Ruth Gold talks about the Emma Cottingham, a large ship that was built in Somers Point, during a tour of the Atlantic County Historical Society museum in 2006.

Staff photo by Anthony Smedile, March 17, 2006

Ruth C. Gold demonstrated a tremendous capacity to learn and to interest people in whatever she worked on.

She was a self-taught seamstress and bookbinder who could do anything with her hands, and was the owner of her family’s decorating business for many years near Philadelphia. In 1995, she became the curator of the Atlantic County Historical Society in Somers Point and taught herself how to use a computer to keep track of the museum’s artifacts.

Gold, of Margate, died last month at 87. She spent the last 20 years of her life helping the American Red Cross and Myriam’s Dream Bindery in Atlantic City, in addition to her work with the historical society.

“She had an unusual talent,” said her brother Dr. Herbert E. Cohen, 81, of Philadelphia. “She would just start a job that was too hard and long to do. ... She worked in such a way that other people came by and started to work with her because they knew whatever she was doing was worthwhile, and they knew it was a pleasure to do it, and they were doing it with someone who was nice.”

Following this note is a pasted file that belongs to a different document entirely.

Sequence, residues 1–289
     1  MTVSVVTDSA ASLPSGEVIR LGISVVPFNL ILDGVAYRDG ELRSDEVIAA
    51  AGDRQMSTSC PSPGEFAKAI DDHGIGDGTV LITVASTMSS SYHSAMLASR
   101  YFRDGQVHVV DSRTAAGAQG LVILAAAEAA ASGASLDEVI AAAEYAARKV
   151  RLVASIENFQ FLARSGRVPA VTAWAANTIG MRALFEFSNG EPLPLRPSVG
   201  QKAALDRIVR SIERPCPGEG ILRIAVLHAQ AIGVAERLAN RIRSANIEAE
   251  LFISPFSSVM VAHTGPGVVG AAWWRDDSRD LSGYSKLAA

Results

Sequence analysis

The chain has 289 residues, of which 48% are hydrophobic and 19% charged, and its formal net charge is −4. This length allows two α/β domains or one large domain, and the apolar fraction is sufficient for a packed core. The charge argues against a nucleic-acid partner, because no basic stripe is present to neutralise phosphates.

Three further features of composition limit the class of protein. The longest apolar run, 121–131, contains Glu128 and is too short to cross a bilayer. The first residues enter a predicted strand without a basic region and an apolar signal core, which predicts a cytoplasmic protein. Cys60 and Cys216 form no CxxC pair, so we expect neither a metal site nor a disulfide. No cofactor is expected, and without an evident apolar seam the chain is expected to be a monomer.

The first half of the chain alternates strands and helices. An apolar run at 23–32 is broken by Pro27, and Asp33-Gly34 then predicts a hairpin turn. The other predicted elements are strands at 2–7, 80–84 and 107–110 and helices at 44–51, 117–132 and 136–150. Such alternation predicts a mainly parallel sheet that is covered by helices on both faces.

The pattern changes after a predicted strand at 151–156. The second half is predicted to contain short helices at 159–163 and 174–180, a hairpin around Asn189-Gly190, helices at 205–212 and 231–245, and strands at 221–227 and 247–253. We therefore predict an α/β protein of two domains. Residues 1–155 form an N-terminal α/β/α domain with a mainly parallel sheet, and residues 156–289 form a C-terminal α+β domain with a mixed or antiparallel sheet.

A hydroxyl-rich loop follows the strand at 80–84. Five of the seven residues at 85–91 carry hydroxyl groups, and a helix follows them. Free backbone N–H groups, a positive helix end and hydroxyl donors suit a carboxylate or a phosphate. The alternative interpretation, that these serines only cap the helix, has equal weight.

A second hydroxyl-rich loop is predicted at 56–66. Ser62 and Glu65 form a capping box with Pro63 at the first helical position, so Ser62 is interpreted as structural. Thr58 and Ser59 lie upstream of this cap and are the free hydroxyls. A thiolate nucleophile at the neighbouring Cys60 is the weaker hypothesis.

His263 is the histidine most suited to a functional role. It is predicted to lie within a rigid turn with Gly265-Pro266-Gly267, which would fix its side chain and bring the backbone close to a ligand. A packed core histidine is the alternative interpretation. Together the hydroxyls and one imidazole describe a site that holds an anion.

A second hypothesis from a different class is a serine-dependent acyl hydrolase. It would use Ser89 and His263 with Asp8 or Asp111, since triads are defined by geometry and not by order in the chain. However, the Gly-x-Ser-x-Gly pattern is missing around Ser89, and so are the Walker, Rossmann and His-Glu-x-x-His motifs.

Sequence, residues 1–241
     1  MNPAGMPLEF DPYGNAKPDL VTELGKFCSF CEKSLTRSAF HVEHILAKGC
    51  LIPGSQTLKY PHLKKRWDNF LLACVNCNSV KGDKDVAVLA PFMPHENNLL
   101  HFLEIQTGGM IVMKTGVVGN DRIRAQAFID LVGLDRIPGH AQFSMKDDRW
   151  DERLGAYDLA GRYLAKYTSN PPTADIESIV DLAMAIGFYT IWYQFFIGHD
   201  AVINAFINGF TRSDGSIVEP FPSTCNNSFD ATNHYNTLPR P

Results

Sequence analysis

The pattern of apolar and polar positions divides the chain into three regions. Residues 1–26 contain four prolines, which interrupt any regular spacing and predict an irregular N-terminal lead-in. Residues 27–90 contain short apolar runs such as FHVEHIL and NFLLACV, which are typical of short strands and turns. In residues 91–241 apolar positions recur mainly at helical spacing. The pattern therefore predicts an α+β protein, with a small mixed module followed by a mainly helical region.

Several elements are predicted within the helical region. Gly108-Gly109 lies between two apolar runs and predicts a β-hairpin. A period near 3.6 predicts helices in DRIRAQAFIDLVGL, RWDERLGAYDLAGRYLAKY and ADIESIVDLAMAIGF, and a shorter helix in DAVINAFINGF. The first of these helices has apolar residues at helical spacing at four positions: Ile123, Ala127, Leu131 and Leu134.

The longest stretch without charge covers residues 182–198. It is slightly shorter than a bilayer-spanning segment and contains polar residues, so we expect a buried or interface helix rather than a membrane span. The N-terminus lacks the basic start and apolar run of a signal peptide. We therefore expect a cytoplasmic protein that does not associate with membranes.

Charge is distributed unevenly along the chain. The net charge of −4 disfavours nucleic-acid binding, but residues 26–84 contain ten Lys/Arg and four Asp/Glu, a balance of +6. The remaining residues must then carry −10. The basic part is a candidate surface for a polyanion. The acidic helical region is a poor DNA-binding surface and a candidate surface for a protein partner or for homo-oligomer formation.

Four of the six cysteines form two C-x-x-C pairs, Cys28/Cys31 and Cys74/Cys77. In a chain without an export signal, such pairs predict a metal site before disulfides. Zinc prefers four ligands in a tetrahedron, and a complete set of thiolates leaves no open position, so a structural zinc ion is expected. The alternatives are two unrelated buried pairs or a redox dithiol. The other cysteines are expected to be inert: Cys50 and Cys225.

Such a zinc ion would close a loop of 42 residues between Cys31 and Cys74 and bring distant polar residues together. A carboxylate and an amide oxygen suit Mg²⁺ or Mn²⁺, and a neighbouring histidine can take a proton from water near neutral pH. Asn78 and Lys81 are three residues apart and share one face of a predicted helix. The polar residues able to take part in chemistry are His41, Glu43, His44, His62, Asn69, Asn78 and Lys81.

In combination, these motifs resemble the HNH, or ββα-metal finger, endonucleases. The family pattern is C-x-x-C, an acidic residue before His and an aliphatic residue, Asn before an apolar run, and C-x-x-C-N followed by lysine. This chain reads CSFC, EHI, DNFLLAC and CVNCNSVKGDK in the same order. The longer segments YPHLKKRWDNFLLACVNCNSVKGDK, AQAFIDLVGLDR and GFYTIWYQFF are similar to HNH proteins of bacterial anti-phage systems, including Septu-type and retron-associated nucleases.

Gold could have made a six-figure salary with her business experience when she moved to southern New Jersey in the 1980s, Cohen said, but she was just interested in helping the community when she started with the Red Cross and the historical society.

“I think the museum gave her the vehicle for expressing herself and for working with other people. It’s lucky she found it because at that point in her life ... she just was interested in helping the community and helping people,” Cohen said. “Her death elicited such a strong response from so many people down there.”

Gold was passionate about her work at the museum, said Allen “Boo” Pergament, the assistant curator.

“It was her love. She was what I call a consummate curator. She was very, very knowlegeable about the care of the museum artifacts and identifying them,” said Pergament, 80, of Margate, who worked with Cohen for 12 years. “She was very patient. She taught me a great deal about patience, with the care and the cleaning and the categorizing of these different items.”

Joan Frankel, of Margate, met Gold when she started volunteering at the historical society.

“I worked with her every Wednesday for close to seven years,” said Frankel, 68, who shared an interest in antiques with Gold. “She just thrived explaining everything in the museum. All the school kids in Somers Point came through many times. She enjoyed those tours immensely, and all the teachers knew her.”

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